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Transponder News

A news service reporting on developments regarding the use of radio based tagging transponder systems for commerce and scientific applications. Covering the RFID technologies, EAS technologies and magnetic coupled techniques.

Multiple article scanning

As the distance over which one needs to read the identity of transponders is increased, so the importance of the reader to handle the multiple article scanning increases. This is primarily as it becomes less likely that with increased range only one transponder will be in the reading zone at the reading instant.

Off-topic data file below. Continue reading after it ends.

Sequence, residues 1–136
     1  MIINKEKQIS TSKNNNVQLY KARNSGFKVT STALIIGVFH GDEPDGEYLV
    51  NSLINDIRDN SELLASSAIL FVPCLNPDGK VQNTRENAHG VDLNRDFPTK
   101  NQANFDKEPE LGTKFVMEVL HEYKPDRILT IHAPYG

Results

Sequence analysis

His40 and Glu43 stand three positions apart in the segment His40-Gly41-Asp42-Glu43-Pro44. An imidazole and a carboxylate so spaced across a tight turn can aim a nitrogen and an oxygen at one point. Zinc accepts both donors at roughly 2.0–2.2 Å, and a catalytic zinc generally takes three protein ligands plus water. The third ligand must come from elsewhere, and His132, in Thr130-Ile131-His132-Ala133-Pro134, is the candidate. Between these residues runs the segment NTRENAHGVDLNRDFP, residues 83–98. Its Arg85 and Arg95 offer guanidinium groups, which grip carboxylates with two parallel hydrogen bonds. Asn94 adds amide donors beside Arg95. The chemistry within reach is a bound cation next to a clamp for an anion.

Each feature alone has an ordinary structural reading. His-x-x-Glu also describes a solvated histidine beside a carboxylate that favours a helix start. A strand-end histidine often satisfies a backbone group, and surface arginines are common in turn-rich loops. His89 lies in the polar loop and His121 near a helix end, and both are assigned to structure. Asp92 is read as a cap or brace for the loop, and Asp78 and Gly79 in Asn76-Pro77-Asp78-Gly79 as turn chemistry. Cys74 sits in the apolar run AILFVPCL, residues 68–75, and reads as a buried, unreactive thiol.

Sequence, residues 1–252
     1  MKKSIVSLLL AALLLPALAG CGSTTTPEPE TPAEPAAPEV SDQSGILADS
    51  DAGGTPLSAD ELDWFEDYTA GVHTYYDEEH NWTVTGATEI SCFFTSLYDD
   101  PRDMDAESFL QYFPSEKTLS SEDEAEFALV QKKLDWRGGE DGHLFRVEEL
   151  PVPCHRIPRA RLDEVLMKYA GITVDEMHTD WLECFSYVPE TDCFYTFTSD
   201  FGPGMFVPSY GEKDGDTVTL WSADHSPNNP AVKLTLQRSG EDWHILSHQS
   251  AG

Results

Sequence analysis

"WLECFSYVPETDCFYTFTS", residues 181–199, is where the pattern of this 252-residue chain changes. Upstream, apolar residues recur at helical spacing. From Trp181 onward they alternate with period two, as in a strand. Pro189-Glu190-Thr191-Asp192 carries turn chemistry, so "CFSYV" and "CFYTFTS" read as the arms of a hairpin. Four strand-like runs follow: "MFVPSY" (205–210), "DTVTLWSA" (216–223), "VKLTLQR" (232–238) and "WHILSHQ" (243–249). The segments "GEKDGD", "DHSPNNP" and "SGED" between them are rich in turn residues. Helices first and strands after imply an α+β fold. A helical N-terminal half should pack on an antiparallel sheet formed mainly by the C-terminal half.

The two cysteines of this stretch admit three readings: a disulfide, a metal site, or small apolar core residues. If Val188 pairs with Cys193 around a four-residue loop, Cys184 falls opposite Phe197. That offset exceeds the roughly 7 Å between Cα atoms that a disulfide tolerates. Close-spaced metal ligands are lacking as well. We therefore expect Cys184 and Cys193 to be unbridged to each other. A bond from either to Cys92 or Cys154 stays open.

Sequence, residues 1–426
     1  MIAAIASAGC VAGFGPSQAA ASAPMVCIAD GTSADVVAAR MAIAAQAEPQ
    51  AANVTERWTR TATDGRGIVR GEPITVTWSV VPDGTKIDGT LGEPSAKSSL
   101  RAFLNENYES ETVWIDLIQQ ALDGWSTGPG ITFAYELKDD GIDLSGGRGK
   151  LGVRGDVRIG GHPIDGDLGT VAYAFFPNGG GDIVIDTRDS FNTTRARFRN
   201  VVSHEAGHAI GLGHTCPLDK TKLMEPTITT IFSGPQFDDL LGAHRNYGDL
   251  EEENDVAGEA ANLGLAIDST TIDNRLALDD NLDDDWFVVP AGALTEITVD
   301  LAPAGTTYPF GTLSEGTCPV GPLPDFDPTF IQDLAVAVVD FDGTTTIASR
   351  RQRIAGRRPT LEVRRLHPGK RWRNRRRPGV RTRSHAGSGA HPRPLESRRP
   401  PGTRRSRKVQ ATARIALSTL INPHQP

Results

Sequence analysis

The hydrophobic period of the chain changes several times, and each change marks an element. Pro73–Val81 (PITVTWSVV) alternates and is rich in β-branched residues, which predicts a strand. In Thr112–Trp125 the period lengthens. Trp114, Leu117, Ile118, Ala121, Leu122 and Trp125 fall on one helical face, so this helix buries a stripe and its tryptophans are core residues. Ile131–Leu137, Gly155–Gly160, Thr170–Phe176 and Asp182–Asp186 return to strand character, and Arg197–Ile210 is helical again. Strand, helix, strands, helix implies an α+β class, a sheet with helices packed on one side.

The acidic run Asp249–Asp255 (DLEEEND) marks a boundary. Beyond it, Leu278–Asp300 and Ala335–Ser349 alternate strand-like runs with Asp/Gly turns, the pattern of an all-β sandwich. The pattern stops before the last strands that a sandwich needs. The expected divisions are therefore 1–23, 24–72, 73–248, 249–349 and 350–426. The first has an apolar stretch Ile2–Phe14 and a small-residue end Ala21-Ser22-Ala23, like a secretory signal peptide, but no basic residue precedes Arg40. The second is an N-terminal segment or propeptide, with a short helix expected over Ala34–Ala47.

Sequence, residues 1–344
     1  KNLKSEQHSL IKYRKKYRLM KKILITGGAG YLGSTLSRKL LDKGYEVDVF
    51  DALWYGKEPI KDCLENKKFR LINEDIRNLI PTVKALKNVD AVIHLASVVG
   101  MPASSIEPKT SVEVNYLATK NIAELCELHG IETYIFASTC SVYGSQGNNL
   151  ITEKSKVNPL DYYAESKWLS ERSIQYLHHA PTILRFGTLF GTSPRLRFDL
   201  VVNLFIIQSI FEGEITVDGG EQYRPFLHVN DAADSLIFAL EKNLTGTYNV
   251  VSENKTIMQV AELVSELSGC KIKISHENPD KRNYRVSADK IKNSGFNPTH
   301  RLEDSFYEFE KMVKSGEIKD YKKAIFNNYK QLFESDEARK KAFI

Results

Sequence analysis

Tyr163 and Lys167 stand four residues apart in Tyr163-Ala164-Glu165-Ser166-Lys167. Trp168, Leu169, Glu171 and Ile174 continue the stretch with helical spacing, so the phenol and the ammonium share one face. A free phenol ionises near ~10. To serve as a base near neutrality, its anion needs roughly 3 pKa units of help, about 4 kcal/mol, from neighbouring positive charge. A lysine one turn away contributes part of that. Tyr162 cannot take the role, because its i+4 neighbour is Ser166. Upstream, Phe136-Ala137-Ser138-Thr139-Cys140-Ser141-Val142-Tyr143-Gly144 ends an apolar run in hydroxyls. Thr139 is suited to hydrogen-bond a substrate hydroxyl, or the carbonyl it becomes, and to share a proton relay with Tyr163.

To detect the presence of multiple articles using RFID techniques actually is not simple and introduces many complexities. The central issue is that generally there is only one communications channel between all the transponders and the reader. As the transponders are not able to detect the transmissions from other transponders in the same reader area, often more that one transponder is transmitting at the same time causing a confused message to be received by the reader. A model of this situation would be for a room filled with deaf and blind people, where each calls out its identity number (transponder) while on the stage there is a blind person who has to identify all the people in the room (reader). Generally if the transponders in the reading zone are few in number, then by getting them to transmit at random times, occasionally a transponders transmission will not be interfered with by another transmission from some other transponder and its identity can be determined.